Billie Eilish is criticizing a popular practice that multiple musicians partake in, including Taylor Swift, for being unsustainable. Comparing it to The Hunger Games, the Oscar winner says “we’re all going to do it because [it’s] the only way to play the game.”

The practice Billie is referring to is when artists release several vinyl variants of the same record in order to drive sales and earn “them more money.”

“We live in this day and age where, for some reason, it’s very important to some artists to make all sorts of different vinyl and packaging,” she said during an interview with Billboard in March 2024. “Which ups the sales and ups the numbers and gets them more money and gets them more.”

While multiple artists are known for this practice, many internet users are connecting Billie’s call-out to Taylor, whose forthcoming album The Tortured Poets Department will be released on four different-colored vinyl editions, each of them containing a different bonus track to incentivize fans to buy all four.

“I can’t even express to you how wasteful it is,” the “Ocean Eyes” singer continued. “It is right in front of our faces and people are just getting away with it left and right, and I find it really frustrating as somebody who really goes out of my way to be sustainable and do the best that I can and try to involve everybody in my team in being sustainable — and then it’s some of the biggest artists in the world making f–king 40 different vinyl packages that have a different unique thing just to get you to keep buying more. It’s so wasteful, and it’s irritating to me that we’re still at a point where you care that much about your numbers and you care that much about making money — and it’s all your favorite artists doing that s–t.”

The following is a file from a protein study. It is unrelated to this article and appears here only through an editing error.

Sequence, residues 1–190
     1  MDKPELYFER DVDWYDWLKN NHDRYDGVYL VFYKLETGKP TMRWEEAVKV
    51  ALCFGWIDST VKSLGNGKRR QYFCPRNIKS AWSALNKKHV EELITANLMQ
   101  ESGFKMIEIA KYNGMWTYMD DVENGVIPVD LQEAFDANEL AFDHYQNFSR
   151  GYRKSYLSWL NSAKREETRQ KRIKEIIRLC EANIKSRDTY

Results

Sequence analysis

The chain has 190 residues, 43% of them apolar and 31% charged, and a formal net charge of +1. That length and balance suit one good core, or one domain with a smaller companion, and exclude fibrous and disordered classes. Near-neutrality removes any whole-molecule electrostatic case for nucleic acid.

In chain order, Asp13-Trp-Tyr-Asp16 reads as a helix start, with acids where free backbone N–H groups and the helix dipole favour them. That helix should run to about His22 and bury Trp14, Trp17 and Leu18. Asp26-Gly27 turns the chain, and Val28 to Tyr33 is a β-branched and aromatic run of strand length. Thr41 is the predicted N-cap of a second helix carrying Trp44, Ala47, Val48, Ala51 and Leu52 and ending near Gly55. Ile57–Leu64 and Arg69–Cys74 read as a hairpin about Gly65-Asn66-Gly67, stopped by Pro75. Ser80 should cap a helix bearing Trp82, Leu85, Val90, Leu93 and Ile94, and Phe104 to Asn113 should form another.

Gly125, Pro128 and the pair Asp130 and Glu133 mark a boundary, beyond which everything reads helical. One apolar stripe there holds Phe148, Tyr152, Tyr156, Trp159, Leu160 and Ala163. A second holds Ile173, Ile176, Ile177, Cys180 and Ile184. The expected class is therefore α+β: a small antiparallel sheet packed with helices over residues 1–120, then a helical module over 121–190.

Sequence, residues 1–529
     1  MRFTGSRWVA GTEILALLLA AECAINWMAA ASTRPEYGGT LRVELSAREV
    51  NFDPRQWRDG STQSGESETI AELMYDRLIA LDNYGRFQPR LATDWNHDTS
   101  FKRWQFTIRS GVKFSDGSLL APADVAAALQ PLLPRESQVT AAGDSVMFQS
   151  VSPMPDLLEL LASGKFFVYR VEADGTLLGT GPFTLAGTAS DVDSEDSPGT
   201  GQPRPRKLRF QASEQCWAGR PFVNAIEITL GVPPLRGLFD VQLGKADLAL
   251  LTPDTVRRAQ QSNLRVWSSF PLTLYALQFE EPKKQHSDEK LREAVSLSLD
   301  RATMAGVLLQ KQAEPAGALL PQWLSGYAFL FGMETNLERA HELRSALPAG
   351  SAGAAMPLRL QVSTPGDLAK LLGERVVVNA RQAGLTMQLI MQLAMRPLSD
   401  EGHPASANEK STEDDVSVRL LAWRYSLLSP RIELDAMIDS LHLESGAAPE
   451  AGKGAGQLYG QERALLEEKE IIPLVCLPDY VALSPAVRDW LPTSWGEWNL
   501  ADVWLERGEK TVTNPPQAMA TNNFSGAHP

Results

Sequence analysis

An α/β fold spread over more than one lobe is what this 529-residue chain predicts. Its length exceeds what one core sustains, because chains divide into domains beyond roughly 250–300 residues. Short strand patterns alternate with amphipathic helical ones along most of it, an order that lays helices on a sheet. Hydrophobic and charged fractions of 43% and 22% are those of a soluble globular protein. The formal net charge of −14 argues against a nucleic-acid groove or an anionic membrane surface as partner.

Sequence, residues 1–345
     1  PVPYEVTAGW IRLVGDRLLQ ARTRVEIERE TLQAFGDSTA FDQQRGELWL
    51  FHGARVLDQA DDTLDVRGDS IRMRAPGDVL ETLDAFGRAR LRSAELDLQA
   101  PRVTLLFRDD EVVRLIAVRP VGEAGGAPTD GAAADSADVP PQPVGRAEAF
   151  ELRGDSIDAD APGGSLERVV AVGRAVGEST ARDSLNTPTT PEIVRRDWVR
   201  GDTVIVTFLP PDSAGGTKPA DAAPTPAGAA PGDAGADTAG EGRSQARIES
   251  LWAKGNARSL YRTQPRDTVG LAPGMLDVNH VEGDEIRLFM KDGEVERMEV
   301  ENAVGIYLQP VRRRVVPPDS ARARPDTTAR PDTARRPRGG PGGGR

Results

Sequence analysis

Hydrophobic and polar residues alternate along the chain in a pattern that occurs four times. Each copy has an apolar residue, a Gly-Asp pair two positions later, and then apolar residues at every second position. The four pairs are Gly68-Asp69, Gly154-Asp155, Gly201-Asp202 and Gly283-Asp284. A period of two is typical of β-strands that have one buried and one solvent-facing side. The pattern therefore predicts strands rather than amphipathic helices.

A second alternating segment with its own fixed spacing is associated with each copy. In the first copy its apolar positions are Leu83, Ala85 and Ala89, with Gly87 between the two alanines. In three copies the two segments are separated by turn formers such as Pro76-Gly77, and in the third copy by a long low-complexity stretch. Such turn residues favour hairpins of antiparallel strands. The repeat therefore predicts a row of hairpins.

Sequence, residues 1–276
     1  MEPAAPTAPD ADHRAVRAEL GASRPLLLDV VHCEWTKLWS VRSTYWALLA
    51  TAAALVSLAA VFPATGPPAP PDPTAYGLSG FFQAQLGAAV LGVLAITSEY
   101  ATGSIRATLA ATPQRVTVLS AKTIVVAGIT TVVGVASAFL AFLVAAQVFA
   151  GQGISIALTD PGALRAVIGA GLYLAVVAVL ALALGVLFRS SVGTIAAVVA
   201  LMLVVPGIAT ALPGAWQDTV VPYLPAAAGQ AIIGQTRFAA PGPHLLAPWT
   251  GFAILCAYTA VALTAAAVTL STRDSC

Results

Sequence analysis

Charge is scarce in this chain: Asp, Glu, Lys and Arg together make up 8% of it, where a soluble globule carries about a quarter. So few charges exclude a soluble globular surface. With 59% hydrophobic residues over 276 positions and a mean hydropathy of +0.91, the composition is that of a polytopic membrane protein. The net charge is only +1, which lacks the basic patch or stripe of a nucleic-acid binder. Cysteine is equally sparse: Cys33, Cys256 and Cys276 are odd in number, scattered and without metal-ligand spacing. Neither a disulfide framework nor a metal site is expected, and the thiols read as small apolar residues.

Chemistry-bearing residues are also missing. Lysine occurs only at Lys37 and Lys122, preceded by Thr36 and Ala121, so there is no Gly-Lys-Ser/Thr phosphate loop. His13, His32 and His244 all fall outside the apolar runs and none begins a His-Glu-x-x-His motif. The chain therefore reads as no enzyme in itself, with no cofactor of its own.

Billie has also partaken in the practice, however, in a more sustainable manner. She released her 2021 album Happier Than Ever in four vinyl variants – but they were manufactured from 100% recycled black vinyl and wrapped in a material made from sugar cane.

“I was watching The Hunger Games and it made me think about it, because it’s like, we’re all going to do it because [it’s] the only way to play the game. It’s just accentuating this already kind of messed up way of this industry working.”

A few days after her comments, the singer took to Instagram to clarify what she meant. “Okay so it would be so awesome if people would stop putting words into my mouth and actually read what I said in that billboard article.”

“I wasn’t singling anyone out; these are industry-wide systemic issues,” she continued. “When it comes to variants, so many artists release them, including me, which ! clearly state in the article. The climate crisis is now and it’s about all of us being part of the problem and trying to do better sheesh.”

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